Maintaining a low blood glucose level through diet reduces the risk of inflammatory health conditions such as obesity and other chronic diseases.
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In recent years, all kinds of dietary recommendations for reaching a healthy weight and fighting obesity. One of the most controversial topics has been carbohydrates, today we know that not all sources are the same and that they can be a beneficial dietary addition. However, a recent study came to verify that the High glycemic index (GI) foods are often associated with weight gain (after weight loss), that is, they are usually the cause of the dreaded rebound effect. They are also characterized by being foods that raise blood sugar levels and therefore increase the risk of developing type 2 diabetes.
The first is the first: The glycemic index is a measure of how quickly a food can raise the level of sugar (glucose) in the blood. It is worth mentioning that only foods that contain carbohydrates have a GI, that is, food groups such as oils, fats and meats, do not have a GI. Broadly speaking, we can say that foods with a low GI slowly increase glucose in the body and those with a high GI rapidly increase blood glucose. So it is simple to understand why foods with a high GI make it difficult to control diabetes. however they are also a trigger for obesity. Therefore foods such as bread, potatoes, white rice, and a long list of processed products, often significantly increase the risk of gaining weight “after losing it.”
There are interesting references in this regard, such is the case of a study led by the University of Sydney. Which was based on analyzing the weight gain in participants who maintained a diet with a high GI and in most cases weight gain was 5 kg more per year, than in those who followed a diet with a low GI. The truth is that prior to this study there were few large references to the close relationship between long-term weight loss control and glycemic status. Finally, it is well known that a consistently low blood sugar level reduces the risk of developing inflammatory conditions such as type 2 diabetes, arteriosclerosis and arthritis.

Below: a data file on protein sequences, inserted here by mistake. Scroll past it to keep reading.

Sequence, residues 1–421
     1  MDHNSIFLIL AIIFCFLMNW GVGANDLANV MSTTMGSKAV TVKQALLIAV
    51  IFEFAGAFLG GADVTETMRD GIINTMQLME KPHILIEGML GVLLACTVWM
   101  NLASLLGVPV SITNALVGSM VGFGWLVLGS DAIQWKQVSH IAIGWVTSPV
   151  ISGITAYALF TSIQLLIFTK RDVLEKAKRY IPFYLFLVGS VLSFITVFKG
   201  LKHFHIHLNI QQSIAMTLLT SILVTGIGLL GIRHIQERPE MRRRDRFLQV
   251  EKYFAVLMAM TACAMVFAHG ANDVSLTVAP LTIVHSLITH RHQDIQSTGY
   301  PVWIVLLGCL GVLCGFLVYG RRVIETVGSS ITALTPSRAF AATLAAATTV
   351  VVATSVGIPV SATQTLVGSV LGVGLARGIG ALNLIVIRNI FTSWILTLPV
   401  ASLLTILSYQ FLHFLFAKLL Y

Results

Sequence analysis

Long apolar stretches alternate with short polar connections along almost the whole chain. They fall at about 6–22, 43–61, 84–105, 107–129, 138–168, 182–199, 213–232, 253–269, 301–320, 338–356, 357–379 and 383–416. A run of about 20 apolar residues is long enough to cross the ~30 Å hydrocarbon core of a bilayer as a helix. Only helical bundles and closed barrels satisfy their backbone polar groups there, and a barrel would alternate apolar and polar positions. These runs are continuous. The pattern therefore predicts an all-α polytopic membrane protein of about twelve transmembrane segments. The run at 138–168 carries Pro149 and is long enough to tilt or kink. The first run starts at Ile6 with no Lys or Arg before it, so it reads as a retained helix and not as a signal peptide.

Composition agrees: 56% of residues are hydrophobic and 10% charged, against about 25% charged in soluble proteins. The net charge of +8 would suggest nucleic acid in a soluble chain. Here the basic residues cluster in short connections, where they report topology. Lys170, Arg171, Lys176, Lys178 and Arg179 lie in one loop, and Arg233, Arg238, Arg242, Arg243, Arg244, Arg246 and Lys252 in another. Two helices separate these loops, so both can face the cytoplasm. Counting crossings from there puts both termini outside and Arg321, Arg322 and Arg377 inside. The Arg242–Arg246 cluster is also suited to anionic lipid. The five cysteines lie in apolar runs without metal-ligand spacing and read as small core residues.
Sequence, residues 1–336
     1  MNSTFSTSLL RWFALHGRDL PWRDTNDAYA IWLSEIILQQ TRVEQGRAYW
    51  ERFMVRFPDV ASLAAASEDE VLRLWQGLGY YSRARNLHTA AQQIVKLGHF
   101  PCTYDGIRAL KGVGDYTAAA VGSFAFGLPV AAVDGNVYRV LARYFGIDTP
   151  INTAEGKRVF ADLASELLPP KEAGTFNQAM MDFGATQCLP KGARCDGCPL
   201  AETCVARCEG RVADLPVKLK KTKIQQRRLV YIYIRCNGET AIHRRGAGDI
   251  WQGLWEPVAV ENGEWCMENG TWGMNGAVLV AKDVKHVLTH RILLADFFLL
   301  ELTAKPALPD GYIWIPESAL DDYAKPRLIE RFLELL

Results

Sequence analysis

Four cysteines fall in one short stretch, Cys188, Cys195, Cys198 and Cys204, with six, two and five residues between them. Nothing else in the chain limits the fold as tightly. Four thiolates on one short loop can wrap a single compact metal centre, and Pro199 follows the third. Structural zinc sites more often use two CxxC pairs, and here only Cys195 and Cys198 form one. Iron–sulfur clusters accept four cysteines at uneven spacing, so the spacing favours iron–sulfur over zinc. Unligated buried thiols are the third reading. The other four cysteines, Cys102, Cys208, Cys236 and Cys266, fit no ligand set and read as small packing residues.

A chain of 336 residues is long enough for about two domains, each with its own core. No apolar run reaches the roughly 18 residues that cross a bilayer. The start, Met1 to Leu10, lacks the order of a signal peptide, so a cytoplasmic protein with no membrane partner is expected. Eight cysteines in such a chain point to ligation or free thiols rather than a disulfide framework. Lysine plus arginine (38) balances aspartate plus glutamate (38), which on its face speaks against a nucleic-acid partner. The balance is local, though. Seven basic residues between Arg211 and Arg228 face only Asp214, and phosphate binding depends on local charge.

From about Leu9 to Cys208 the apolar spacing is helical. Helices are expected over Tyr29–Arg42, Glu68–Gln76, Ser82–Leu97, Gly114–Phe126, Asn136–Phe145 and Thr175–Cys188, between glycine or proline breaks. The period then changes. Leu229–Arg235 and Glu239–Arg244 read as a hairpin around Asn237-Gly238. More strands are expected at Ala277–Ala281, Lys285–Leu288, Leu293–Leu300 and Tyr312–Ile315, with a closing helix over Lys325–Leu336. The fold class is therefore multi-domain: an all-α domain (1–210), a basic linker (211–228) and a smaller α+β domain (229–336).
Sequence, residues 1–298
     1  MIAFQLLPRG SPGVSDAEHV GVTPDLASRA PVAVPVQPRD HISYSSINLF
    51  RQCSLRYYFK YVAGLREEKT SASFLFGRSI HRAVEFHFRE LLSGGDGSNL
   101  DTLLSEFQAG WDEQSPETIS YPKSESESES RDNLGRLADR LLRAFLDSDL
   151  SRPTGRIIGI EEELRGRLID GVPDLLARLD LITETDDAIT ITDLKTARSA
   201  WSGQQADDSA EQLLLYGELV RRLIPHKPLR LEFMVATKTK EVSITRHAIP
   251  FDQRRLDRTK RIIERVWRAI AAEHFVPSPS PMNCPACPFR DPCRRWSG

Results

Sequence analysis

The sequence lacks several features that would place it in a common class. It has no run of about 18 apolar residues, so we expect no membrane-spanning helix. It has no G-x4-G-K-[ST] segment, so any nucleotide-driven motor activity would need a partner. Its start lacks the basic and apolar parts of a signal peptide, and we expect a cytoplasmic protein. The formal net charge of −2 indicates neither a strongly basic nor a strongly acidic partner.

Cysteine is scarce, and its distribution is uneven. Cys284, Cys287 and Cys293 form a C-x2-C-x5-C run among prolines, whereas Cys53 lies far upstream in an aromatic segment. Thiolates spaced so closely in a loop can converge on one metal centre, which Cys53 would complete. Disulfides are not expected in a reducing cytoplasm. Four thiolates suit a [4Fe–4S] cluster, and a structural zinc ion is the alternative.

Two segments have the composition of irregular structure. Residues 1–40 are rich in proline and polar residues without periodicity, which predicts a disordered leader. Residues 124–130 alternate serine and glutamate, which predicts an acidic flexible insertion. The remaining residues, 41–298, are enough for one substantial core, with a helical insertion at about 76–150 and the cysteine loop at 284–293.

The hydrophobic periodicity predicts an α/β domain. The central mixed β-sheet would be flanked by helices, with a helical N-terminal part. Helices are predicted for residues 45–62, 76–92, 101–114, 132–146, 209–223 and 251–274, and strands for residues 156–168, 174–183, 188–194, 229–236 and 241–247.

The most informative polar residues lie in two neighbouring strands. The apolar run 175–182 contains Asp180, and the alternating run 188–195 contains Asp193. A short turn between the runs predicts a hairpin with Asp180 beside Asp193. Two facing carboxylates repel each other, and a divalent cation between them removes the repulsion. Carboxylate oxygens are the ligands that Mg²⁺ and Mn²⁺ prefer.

The study was led by Professor Anne Raven and a group of researchers from the University of Copenhagen, who between 2013 and 2018 analyzed 2000 people classified as overweight or obese and who for obvious reasons had a high risk of developing type 2 diabetes The following information is the results obtained from a global study of the year: In the first phase of the study, all participants drank an alternative diet shake and achieved rapid weight loss equivalent to 8% of body weight (approximately 11 kilograms) in 8 weeks. And in the second phase, which lasted three years, the researchers compared two diets and two exercise strategies: a high protein, low GI diet or a combination of medium GI and moderate GI diets, each with high or medium intensity exercise The surprising thing? Despite their best efforts, all four groups regained some of the weight they lost. However, a secondary analysis published this week found that the lower the GI of the diet, the lower the weight regain. These results were published in a prestigious journal Diabetes Care.
Therefore the recommendation to lose weight, but above all to maintain it in the long term, avoid the rebound effect that damages health so much and reduce the risk of metabolic syndrome, is to bet on those foods that are low in the glycemic index, high in fiber and low in calories. Taking this into account, it is important to say that not all carbohydrates work in the same way in the body and that is why the glycemic index (GI) scale goes from 0 to 100, for example: pure glucose has the highest GI. high and is assigned a value of 100.
Although it will always be important to have the supervision of a professional nutritionist. These are some of the best recommendations for the lowest GI foods, all range between 0-55:
– Barley and quinoa
– Whole grain cereals with high fiber content, oatmeal sheets or flakes
– Vegetables: non-starchy green vegetables, broccoli, cucumber, tomato, lettuce, raw carrot, green peas, bell peppers, onion, garlic, cabbage and mushrooms
– Fruits: cherries, apple, orange, grapefruit, grapes, pear, peach, peach, plum, strawberries, tangerine and many other fruits
– Most nuts, seeds and legumes
– Milk and yogurt
Meanwhile, experts recommend avoiding the consumption of high-GI foods, which contribute more than 70 points per serving:
– All variants of white bread, especially ultra-processed ones, such as donuts and bagels
– Most processed cereals, sugary cereals, cookies, and instant oats
– Salty snacks, such as pretzels and potato chips
– Potatoes, baked and mashed
– White rice
– Honey and sugar
– Commercial soft drinks, fruit juices and chocolate bars
– Fruits: watermelon, raisins, dates, melon and pineapple
By way of conclusion we can say that much of the success lies in meal planningIt is also important to choose foods that have a low and medium index. Also, when you consume high GI sources, bet on combining them with low GI foods, to balance the effect on glucose levels. Remember that portion control is very important, just like the caloric intake of food, always choose natural foods and forget about processed ones. Do daily physical activity, drink plenty of water and sleep well, ultimately it’s all about balance.
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